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In operation



Our sample motherboard (Asus P5WD2 Premium, BIOS 0709) detected the memory without an issue and so we proceeded to perform the benchmarks and stability testing at various combinations of frequency, timings and voltages - it was a task that eventually required several cups of coffee and oh so many hours it isn't even funny. During tests involving a high DDR2 voltage of 2.3V and including dizzy operational frequencies (1000MHz effective or higher), the memory was never really overly warm hence there is no need for further cooling through the use of extra fans. The only instance where heat was the most likely the culprit was when testing speeds beyond 1066MHz (around 1080MHz and beyond). Here regardless what valid voltage or timings were used, the memory would always lock up after a few random minutes of running MemTest86 V1.65. Given that Corsair recently showed off a memory cooling solution at Computex, it's needless to say that pushing DDR2 speeds much further is going to require a little more than just the standard heatspreader. Back to life beyond Computex, this memory proved to offer considerable flexibility in the frequencies and timings it can operate. For example, at 667MHz (the current official Intel standard), it will quite happily do 3-2-2-8 at 2.2V and what's more the fun doesn't stop there. How about 5-5-5-15 at 1066MHz using 2.3V or 4-4-5-15 at 1000MHz equally using 2.3V. During testing it became obvious the memory preferred a higher RAS activate precharge timing when used at very high frequencies. Luckily for Crucial, this value is the least influential in final performance with CAS latency the most important, followed by a close second and third place held by RAS to CAS latency and RAS precharge respectively. Results like these make one wonder why Crucial only sells this memory at 5-5-5-15 or from a slightly different angle, why is it not stated to run at PC2-8500? The answer seems to be quite simple, to be on the safe side due to a) the various motherboards out there and their varying specifications and b) users who donít quite yet know how to fine tune memory to best performance and are perhaps a little hesitant to go changing voltage levels etc. The results obtained are all worthy in their own way and prove the flexibility and versatility of this offering. One may either select the tightest timings at a lower frequency or go for gold at the heights of the Himalayas receiving in reward a hefty memory bandwidth and fine latency. Our test results later on in this review showcase the kind of bandwidth and latency we were able to attain.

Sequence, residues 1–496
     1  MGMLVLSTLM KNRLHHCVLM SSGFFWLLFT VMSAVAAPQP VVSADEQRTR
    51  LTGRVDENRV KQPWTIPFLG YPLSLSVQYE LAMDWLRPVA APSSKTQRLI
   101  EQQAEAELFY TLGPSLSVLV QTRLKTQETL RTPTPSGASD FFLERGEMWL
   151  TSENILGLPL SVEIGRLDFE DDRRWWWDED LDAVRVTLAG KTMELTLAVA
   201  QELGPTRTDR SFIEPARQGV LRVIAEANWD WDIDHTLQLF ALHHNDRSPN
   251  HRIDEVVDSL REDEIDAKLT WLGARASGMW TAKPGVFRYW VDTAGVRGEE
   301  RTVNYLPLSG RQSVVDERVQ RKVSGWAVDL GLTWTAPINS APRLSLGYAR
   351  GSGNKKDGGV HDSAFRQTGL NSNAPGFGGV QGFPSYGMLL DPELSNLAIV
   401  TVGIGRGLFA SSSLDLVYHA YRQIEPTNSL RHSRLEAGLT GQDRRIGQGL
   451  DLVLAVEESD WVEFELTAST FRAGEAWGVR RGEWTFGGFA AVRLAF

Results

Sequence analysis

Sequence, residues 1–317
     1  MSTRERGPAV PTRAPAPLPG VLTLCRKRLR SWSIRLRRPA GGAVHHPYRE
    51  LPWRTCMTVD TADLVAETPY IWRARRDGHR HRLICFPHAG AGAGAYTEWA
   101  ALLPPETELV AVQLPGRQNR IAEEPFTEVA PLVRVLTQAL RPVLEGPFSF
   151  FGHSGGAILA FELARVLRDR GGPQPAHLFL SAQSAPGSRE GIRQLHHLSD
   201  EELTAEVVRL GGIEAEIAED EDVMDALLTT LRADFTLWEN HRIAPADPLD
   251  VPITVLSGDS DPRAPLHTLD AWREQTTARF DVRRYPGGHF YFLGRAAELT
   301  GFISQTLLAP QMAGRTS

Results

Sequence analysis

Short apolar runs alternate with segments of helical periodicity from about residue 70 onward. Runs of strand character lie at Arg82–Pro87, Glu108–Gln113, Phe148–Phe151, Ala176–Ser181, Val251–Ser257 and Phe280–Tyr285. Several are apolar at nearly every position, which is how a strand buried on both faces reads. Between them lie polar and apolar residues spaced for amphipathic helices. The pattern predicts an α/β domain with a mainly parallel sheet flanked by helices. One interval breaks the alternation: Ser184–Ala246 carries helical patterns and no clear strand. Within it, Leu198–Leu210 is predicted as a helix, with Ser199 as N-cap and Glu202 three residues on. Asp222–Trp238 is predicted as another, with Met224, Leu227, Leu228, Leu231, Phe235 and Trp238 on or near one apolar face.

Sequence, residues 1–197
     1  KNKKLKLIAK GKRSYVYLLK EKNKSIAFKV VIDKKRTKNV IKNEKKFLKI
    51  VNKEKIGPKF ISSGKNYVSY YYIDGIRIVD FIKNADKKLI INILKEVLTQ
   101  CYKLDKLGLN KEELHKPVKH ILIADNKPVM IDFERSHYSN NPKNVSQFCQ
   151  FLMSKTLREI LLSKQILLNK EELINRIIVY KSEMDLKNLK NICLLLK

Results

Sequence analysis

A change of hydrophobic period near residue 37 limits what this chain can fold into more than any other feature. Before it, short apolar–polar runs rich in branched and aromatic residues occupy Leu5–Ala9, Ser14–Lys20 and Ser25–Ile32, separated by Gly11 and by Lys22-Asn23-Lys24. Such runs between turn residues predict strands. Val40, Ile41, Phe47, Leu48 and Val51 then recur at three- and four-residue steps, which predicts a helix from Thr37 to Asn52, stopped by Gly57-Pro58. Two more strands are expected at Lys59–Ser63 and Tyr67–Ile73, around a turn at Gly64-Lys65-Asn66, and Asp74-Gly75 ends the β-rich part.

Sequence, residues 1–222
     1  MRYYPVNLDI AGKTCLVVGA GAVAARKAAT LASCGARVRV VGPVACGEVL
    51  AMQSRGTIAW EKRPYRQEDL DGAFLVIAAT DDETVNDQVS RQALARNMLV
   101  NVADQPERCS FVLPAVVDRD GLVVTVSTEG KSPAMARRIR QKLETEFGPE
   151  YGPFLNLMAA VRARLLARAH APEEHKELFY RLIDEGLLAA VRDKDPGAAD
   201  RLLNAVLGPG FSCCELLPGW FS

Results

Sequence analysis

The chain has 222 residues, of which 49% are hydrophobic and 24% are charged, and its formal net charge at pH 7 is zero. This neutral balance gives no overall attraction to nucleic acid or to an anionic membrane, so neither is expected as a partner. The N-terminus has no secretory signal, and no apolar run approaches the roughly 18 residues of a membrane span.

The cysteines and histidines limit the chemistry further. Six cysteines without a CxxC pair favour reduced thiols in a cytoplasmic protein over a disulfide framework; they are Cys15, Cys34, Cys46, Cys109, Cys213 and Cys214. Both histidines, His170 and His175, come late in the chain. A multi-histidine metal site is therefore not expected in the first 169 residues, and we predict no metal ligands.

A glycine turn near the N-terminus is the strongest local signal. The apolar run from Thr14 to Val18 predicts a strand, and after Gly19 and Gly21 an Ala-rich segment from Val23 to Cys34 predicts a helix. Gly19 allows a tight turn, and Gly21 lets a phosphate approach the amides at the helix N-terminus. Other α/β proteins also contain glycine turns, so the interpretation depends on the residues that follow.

More than you paid for? Although Crucial sells the memory as PC2-8000, it happily runs at PC2-8500 speeds.



Test setup



Processor: Intel Pentium Extreme Edition 965 3.73GHz ES (1066MHz FSB, using 14x & 16x multiplier)
Operating System: Windows XP Professional SP2 (32 bit)
Memory: 2GB (2 x 1024MB) Crucial Ballistix PC2-8000 (default 5-5-5-15 at 2.2V)
Graphics card: Gigabyte 7900 GTX 512MB, 84.21 version driver
Motherboard: Asus P5WD2 Premium (i955X chipset), 709 BIOS. PCB revision 1.02
Power Supply: Akasa PowerPlus 650W ATX 2.01

Software #1: MemTest86 V1.65 (to test memory stability)
Software #2: Sisoft Sandra 2007 (to measure memory bandwidth)
Software #3: Lavalsys Everest Ultimate Edition 2006 version 2.80.534 (to measure memory latency)



Test methodology



Test 1: (stability):
We tested each of the memory configurations up to the highest stable speed and timings using MemTest86 v1.65. In order for any given memory configuration to classify as stable it had to complete 1 hour of running this software. Unless a given configuration was proved to be 100% stable, tests 1 & 2 below were not executed.

Test 2: (memory bandwidth)
We tested the highest stable speed and timings obtained within test #1 using Sisoftware Sandra 2007.

Test 3: (memory latency)
We tested the highest stable speed and timings obtained within test #1 using Lavalsys Everest Ultimate Edition 2006 version 2.80.534.

Definition of memory timings
All references to memory timings made within this article correspond to the following syntax: CAS latency - RAS precharge - RAS to CAS latency, RAS activate precharge.

Other information relating to testing:
All tests at a memory frequency of 1000MHz effective or over (2x500MHz DDR) were performed using a Northbridge voltage of 1.65V to minimize any negative influence the test motherboard may have on stability. All tests with a memory frequency below 1000MHz were performed using a default Northbridge voltage 1.50V. In either case, all tests featured HyperPath3 as enabled for best performance. The CPU speed was kept as close to consistent as possible to reduce impact within the memory & cache benchmark. Yields of RAM will vary from sample to sample as does motherboard stability at high frequencies. For this reason the results verified and subsequently displayed within this article should be used as an indication but not guarantee of the capability of this memory.


Next Page: Test Results

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